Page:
Today, Wednesday February 22
A Prayer of Remembrance
Psalm 38:1-5 A Psalm of David. To bring to remembrance.
“O LORD, do not rebuke me in Your wrath, Nor chasten me in Your hot displeasure! For Your arrows pierce me deeply, And Your hand presses me down. There is no soundness in my flesh Because of Your anger, Nor any health in my bones Because of my sin. For my iniquities have gone over my head; Like a heavy burden they are too heavy for me. My wounds are foul and festering Because of my foolishness.”
Thank you so much for being a part of our “Daily Chat” on a regular basis. We have rarely missed a day doing a chat since covid closed things down in March 2020. I was actually on my way back from a trip to India, Jordan and Israel at the same time (Feb 28, 2020), when the pandemic started circling the globe. Tomorrow, Thursday, I will be leaving to lead a group of 17 on a tour to Jordan and Israel. I am saying this to let you know that we might be missing a few days trying to post a chat because of time and internet access. We will do our best to post a chat from different Biblical sites there and also upload the daily Bible readings, and the devotions by Blackaby and Chambers. But give us grace if we miss a few days. We would also appreciate your prayers as this is our first trip since February 2020. Thanks!
Today in our chat we will start our study and meditations on Psalm 38. From the title we learn a couple of things. First, we know that David wrote this Psalm and secondly that it was written as a prayer of remembrance or confession. This Psalm is the third of seven penitential Psalms: Psalms 6, 32, 38, 51, 102, 103, and 143. These are Psalms of confession, especially of sin that has brought sickness, grief, pain, and suffering into one’s life.
We need to note here that not all sickness and suffering is a result of specific individual sin. The truth is that all the suffering in this world is the result of the original sin of Adam in the Garden of Eden. We all suffer in many ways because of the fallen nature of man. Remember Jesus was asked by His disciples in John 9 if the blindness of the man they encounter was because of his or his parent’s sin. Jesus answered: "Neither this man nor his parents sinned, but that the works of God should be revealed in him” (John 9:3).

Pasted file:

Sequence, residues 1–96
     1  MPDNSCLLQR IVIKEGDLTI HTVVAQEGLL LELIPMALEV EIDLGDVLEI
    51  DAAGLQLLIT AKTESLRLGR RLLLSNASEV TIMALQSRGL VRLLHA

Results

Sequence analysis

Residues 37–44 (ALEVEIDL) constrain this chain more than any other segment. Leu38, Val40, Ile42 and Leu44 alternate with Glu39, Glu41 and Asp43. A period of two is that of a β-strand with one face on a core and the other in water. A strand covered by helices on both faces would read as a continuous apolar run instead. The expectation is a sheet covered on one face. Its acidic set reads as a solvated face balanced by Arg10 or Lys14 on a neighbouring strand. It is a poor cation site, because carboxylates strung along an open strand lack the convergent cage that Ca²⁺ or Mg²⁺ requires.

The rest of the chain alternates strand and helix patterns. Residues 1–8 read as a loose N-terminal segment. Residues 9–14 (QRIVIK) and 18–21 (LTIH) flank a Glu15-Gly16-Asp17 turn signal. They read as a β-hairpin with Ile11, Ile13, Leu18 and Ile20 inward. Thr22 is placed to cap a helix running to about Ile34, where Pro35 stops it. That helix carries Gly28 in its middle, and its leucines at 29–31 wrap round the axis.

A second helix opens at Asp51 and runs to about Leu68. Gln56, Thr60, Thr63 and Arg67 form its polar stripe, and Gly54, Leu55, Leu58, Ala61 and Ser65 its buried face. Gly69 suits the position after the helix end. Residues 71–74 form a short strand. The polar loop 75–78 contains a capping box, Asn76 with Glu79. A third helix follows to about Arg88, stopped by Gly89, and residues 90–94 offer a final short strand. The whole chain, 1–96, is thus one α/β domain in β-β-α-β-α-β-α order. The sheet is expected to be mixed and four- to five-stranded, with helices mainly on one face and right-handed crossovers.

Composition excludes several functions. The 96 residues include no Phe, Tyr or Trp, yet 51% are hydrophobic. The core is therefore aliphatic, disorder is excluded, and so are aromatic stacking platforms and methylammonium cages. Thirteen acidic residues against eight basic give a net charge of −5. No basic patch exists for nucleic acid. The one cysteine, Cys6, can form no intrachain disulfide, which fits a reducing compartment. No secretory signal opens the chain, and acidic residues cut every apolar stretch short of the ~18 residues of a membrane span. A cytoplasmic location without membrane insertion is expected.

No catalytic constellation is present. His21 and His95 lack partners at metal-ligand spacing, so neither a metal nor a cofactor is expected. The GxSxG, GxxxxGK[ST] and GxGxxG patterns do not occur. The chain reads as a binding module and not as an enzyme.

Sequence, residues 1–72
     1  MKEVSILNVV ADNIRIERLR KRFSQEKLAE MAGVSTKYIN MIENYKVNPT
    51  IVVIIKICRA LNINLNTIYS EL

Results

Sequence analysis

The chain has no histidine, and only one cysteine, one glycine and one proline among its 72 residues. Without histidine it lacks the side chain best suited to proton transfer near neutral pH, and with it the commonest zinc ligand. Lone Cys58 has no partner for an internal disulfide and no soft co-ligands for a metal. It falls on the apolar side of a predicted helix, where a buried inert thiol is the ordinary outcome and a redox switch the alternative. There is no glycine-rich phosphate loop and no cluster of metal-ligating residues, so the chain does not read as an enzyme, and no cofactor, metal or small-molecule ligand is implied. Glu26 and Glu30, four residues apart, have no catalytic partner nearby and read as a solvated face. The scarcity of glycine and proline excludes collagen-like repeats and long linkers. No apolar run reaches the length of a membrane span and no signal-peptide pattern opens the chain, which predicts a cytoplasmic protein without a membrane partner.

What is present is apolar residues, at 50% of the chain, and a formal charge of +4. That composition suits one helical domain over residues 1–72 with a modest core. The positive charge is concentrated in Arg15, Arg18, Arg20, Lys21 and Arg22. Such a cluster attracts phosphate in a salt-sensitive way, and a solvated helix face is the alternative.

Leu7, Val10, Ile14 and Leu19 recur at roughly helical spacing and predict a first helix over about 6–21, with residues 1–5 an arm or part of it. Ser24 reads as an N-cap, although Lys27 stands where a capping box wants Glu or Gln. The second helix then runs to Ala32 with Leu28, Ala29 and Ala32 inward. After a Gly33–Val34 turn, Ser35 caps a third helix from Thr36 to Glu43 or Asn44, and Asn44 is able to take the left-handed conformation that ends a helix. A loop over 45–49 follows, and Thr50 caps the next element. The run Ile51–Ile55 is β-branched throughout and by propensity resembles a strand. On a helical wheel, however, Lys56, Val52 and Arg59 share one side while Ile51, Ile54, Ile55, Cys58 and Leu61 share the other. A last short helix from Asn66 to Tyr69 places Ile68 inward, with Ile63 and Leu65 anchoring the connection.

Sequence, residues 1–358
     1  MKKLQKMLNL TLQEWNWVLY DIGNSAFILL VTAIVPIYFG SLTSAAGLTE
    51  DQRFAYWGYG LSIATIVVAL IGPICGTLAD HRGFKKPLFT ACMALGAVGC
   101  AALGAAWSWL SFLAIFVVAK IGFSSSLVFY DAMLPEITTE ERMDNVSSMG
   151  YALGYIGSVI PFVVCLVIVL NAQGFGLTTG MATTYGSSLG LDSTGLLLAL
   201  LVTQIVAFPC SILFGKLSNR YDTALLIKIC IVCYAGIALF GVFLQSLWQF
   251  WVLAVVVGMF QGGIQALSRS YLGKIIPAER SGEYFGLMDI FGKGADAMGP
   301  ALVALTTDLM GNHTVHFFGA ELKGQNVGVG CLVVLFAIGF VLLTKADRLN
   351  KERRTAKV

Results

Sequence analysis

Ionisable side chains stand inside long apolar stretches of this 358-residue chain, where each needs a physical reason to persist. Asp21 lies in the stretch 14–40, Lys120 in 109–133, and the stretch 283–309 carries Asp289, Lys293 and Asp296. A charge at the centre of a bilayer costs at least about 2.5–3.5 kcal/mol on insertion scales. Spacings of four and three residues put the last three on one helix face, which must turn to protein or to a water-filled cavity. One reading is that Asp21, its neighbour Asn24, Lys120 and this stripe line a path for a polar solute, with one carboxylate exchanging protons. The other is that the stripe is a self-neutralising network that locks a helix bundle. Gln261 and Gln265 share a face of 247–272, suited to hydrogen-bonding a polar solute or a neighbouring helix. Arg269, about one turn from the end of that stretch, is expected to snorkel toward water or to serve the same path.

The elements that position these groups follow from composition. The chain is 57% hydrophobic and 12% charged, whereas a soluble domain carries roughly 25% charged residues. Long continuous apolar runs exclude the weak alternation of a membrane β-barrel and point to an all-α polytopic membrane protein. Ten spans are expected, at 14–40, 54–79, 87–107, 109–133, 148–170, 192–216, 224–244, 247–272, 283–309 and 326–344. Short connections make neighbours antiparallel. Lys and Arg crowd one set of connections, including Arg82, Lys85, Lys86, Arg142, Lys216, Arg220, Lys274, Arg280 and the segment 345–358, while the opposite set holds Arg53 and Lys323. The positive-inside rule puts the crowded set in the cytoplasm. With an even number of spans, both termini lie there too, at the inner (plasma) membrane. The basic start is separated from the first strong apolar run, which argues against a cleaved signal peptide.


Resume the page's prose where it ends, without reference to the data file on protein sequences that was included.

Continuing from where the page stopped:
Job’s sufferings and losses were not because of his sin or sins, but were allowed by God as a test and a trial in his life to bring him into a closer relationship with God. Sometimes God allows natural sickness and suffering to come into our lives simply to get our attention. To humble us and help us realize just how fail and weak we are and that we need to always trust the Lord.
It is obvious in Psalm 38 that David’s painful suffering described here is a result of God’s chastening hand upon him because of his double sin of adultery with Bathsheba and the murder of her husband Uriah to cover it up. This Psalm is full of grief and complaint from the beginning to the end. David's sins and his afflictions are the cause of his grief and the matter of his complaints. He was now very sick and in pain, which reminded him of his sins and helped to humble him for them.
We will see that David was, at the same time, deserted by his friends and persecuted by his enemies; so that the psalm is calculated for the depth of distress and a complication of calamities. We will feel David’s pain and distress as he complains of God's displeasure, and of his own sin which provoked God against him (v. 1-5).
David tells of his bodily sickness (vv. 6-10). He mentions the unkindness of his friends (v. 11). He describes some of the injuries which his enemies did him, pleading his good conduct towards them, yet confessing his sins against God (v. 12-20). And lastly, he concludes the Psalm with earnest prayers to God for his gracious presence and help (v. 21,22).
So, this is a Psalm where David is remembering his sin but at the same time asking God to remember and act on his behalf to have mercy on him in the midst of his pain. May the Lord help us today to pray, “And forgive us our debts, As we forgive our debtors. And do not lead us into temptation, But deliver us from the evil one. For Yours is the kingdom and the power and the glory forever. Amen.” (Matthew 6:12-13)